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P/S fluid is not much more than quality ATF. The whole process should take you no more than an hour or so. It goes faster if you have someone there to help you (turn the steering wheel from lock to lock for you while you pour in the P/S fluid). You should try to have an assistant that has the strength to turn the wheel when the fluid is discharged because the car will not have power steering if there is no fluid. After you have purged the system of all ATF and you have refilled the reservoir with P/S fluid you will have to turn the wheel lock to lock somewhere around 50 times to purge all the air out. Also, just as a note it will not hurt you to keep ATF in the system. There are two schools of thought on this. There are those who feel ATF is detrimental to the system and it should be replaced with P/S fluid and there are those who feel that MB recommended ATF for many years, so why change now? You can search the threads here and see what others say about it. I personally changed mine over to P/S fluid.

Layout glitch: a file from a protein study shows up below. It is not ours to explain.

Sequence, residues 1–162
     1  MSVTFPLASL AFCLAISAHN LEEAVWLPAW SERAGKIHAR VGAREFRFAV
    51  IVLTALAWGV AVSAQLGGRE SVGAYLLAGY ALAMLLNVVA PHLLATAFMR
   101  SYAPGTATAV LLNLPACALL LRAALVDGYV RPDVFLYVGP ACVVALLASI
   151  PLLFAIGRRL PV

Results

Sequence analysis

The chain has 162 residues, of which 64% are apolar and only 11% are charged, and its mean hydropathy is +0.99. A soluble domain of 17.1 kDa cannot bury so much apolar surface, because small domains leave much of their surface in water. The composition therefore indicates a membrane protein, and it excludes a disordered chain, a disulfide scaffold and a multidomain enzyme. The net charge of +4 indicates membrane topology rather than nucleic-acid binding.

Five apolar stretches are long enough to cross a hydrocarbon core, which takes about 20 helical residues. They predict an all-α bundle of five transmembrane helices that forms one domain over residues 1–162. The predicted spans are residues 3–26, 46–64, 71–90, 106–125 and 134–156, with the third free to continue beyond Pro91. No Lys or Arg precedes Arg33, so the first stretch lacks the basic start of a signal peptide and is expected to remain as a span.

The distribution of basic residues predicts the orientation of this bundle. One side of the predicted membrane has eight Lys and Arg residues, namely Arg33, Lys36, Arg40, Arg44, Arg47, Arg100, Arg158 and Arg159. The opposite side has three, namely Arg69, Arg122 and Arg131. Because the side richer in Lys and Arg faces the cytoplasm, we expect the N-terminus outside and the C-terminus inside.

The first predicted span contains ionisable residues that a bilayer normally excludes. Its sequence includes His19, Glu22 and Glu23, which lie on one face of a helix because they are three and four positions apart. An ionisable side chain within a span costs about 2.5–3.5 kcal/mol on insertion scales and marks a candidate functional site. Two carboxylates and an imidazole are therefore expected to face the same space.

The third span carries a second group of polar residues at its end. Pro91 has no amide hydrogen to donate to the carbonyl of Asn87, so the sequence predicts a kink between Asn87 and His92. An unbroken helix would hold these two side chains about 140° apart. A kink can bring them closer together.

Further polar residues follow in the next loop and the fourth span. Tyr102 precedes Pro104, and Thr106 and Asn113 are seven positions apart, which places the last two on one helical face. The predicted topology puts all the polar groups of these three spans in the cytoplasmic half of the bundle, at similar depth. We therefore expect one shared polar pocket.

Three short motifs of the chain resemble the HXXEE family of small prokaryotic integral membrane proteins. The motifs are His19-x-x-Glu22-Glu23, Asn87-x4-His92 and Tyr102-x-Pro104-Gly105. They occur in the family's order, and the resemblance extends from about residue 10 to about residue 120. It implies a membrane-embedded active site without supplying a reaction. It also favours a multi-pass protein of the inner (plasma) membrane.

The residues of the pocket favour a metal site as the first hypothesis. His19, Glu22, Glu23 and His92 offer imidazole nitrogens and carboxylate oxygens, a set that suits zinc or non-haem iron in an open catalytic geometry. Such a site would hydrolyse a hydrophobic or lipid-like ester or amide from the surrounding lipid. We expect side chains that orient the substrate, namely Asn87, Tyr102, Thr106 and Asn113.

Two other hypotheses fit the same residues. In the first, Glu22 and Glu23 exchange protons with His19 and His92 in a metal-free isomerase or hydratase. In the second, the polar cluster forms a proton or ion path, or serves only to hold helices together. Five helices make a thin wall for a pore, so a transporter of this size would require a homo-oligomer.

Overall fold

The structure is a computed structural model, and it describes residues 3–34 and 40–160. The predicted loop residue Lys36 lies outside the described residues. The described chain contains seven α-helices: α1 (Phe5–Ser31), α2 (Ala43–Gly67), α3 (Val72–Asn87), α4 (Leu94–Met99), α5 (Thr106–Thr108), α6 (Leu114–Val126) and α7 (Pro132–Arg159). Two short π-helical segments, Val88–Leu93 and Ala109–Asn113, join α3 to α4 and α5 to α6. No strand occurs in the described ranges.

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1979 240D 4 spd
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Discussion Starter #9
Sounds good - I'm gonna get after this tomorrow. Picking up the filter and the fluid after work. This is doable whilst the vehicle is grounded right? I'm sure it'd be easier with it jacked, but not necessary? I'm gonna change to PS Fluid as well, per your recommendation. I found a good peach parts DIY for this, so I'm gonna follow that. Seems easy enough..

I've had a hard time finding a replacement gasket for the reservoir cap. Not sure how necessary it is to replace?

Govert - Thanks for the link!
 

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1981 240D
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Sounds good - I'm gonna get after this tomorrow. Picking up the filter and the fluid after work. This is doable whilst the vehicle is grounded right? I'm sure it'd be easier with it jacked, but not necessary? I'm gonna change to PS Fluid as well, per your recommendation. I found a good peach parts DIY for this, so I'm gonna follow that. Seems easy enough..

I've had a hard time finding a replacement gasket for the reservoir cap. Not sure how necessary it is to replace?